The 25 10 Cent Child Labor Experiment

Note: Increasing pay to $.25 so he has a bigger stash when he actually gets to spend it. Thanks to reader Scott for the suggestion.

Our four-year-old son loves to help. Whether he’s fetching a fresh diaper for his little sister, making coffee with the Keurig,or mixing ingredients in a baking bowl, he has this electric desire to help Mom and Dad.

I know this won’t last forever. Speaking to friends with older kids, this enthusiasm to help out will surely wane as he gets older. But we’re enjoying it now, and hoping it leads to a strong work ethic as he approaches kindergarten.

Not long ago, his desire to help out would make my job more difficult. When he “helped” rake leaves last Fall, he mostly destroyed my piles and only wanted to jump on the bags to squish the leaves down.

Only recently his willingness to help has actually helped get the jobs done.

We’re just scratching the surface of many years of chores and allowances now that our oldest is finally ready. Another adventure in parenting.

Find A Penny, Pick It Up

A few Sunday’s ago, our boy found a penny on Mrs. RBD’s nightstand and asked if he could put it in his piggy bank. We said yes but then explained that money isn’t free, and in the future he’ll need to earn the penny, not just take it from Mom.

His ears perked up.

I told him if he helped to collect and take out the garbage that evening, I’d pay him 10 WHOLE CENTS and he could put it in his piggy bank. He started jumping up and down with excitement!

Pre-school hasn’t started math yet. Granny gave him $20 once to buy a toy and we took him to spend it. He understands that Dad works so we can “buy milk”, and he understands that money is given at the store in exchange for things.

But otherwise, he has no idea what money is worth. A dime is great, ten pennies is even better!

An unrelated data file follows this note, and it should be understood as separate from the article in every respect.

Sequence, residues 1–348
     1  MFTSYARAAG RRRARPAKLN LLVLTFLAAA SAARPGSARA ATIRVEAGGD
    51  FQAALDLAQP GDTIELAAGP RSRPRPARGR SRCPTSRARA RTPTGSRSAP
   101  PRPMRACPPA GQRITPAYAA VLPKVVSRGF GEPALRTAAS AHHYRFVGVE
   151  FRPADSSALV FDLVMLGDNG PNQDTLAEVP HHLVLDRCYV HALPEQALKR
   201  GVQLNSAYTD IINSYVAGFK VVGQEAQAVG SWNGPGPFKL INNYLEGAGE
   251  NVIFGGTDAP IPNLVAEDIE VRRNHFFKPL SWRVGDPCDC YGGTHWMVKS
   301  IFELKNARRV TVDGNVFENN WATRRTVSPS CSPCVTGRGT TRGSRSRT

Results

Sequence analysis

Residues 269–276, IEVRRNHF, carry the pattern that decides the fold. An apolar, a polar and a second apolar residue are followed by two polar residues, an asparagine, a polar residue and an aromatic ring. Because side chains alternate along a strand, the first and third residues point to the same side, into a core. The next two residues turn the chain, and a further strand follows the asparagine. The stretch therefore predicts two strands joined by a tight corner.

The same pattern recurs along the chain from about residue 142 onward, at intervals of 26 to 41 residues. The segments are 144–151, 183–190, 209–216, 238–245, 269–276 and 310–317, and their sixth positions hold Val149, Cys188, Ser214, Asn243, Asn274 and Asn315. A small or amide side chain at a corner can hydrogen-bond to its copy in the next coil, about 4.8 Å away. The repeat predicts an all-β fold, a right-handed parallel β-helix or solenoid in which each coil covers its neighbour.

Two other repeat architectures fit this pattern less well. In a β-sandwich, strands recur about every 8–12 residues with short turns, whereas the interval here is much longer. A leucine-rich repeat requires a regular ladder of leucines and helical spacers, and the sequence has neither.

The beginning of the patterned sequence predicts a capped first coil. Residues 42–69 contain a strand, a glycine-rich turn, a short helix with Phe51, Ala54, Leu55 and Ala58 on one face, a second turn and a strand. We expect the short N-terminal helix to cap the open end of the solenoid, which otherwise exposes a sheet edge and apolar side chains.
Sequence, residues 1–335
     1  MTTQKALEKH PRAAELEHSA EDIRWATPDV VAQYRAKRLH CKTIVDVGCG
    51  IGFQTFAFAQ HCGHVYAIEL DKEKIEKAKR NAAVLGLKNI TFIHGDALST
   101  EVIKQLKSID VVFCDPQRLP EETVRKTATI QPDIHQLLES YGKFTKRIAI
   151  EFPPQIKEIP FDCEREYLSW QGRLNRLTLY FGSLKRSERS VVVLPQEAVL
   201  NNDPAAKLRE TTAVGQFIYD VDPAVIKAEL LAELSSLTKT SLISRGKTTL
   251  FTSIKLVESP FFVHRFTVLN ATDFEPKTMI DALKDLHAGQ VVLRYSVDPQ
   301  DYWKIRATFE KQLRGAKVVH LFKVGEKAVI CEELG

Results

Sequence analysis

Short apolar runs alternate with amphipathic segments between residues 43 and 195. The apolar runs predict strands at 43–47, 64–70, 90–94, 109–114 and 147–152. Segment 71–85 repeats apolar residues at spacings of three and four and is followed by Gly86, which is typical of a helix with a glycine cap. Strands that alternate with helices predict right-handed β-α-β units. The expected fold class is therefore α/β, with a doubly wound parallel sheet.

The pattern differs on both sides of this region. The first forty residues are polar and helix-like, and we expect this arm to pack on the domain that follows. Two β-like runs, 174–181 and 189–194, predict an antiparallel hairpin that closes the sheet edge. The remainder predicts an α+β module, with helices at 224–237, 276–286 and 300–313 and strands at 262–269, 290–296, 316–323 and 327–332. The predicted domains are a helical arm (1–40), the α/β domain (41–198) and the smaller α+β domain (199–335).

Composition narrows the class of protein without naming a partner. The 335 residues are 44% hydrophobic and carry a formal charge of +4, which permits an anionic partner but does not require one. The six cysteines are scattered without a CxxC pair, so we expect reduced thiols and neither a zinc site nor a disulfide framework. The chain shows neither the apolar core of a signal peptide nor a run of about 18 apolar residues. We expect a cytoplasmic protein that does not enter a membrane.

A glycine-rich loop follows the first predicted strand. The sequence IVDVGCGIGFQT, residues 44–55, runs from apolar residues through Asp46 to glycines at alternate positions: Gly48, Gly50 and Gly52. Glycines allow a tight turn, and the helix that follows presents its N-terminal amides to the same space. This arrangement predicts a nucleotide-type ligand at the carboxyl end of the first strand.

We’ve done a few simple math problems with fingers. He kind of gets it and he’s definitely curious. In the coming years, he’ll make great strides in math and reading skills. But right now, his skills are nil.

All this has got me thinking.

He’s a fresh canvas. Here’s this human being who I’m responsible for teaching about life. Being the nerd that I am, teaching money skills to my three kids will be an important part of parenting and their upbringing.

So why not make a little experiment out of this garbage job?

Garbage Man

That Sunday evening before dinner, we walked around to every room in the house to collect the trash. Mom and Dad’s room, the bathrooms, his sisters’ rooms, the office etc. He carefully lifted and dumped each trash can into a kitchen-sized garbage bag held by me. He took great pride in his work.

Outside, we put the bag into the bigger trash can. Then we rolled the trash and smaller recycling can (his job) to the curb, side by side.

Once the job was done, payday.

In the office, I dumped some change on the floor and asked if he wanted a dime or pennies. He obviously took the pennies since there’s more of them.